He was a rather skinny small fella and no one took any notice and thought he was a bull duster bar fly. But he was not. It was genuine. He a very bad accident on North Coast that ended his career and ended up running a 9 hole Golf Course in Cato Ridge. He told me he coached Ernie Els when he was a boy. I believe him, he was a close friend of Hutchy and told me stories of their travels in Aussie...they had to drive from West to South and East and their many funnies.

He also told me at St Andrews in Scotland, Sean Connery used to try and push in 4 balls with the Pro's after making 007 movie/s. He became a nuisance and every pro avoided him...trying to get free coaching even after Dr No.

Yes, I believe was a bit of a legend in golf.

Oct 14, 2021, 23:17

Connery used to play at one of my clubs while they were making The Untouchables in Chicago. He was pretty well liked. In later years I saw him one day at Baia in Cape Town, a small wizened man….hard to relate to the 007 legend.

Oct 15, 2021, 00:03

The story about Papwa serves us well not only in highlighting the greatness of his golf but also the indignity he as well as millions of underprivileged South Africans had to suffer simply because of the pigmentation of their skin. That's the everlasting impression I'll always have.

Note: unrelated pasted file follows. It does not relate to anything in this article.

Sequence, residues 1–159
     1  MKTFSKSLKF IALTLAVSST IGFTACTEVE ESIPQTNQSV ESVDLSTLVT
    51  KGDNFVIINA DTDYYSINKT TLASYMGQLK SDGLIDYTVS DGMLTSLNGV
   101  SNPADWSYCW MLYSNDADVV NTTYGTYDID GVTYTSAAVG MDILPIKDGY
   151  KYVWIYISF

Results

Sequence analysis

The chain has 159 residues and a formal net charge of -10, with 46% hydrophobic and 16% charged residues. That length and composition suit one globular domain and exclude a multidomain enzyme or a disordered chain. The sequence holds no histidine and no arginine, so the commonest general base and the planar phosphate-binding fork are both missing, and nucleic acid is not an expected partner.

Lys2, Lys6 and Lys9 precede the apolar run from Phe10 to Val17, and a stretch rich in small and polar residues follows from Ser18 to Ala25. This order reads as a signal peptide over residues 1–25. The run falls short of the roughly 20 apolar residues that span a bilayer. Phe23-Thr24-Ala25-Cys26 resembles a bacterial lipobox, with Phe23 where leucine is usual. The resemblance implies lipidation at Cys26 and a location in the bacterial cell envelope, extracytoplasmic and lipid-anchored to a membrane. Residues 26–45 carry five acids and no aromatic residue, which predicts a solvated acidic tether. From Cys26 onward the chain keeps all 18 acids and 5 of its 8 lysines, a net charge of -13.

Oct 16, 2021, 15:51

And yet you bailed and lived a comfortable life in Australia.  All that passion never translated into doing anything constructive….just a lot of hot air. 

Oct 18, 2021, 16:28

All us ex Saffers left for our own personal reasons.

Some because of the political policies, others to provide a safer future for our families and many for economic reasons.

Cannot blame anyone for seeking a better and safer life for their families.

Many of the folks who left the SA shores not only took a hit financially but to leave family members and close friends behind is difficult to understand and appreciate unless you have travelled that route.

Great for all who have successfully navigated this path but many did not make it unfortunately.

Family first.

Well done to all who have made it work and to all who returned to SA trust you made the correct decision.

Good Luck.

Oct 18, 2021, 16:34

He was a caddy at the old Umgeni Hackers golf course a course that taught me that golf was not my game.

Yes under difficult circumstances he managed to make it with determination and help from many other golfers.

But he had what it took, guts, class, skill and most of all determination.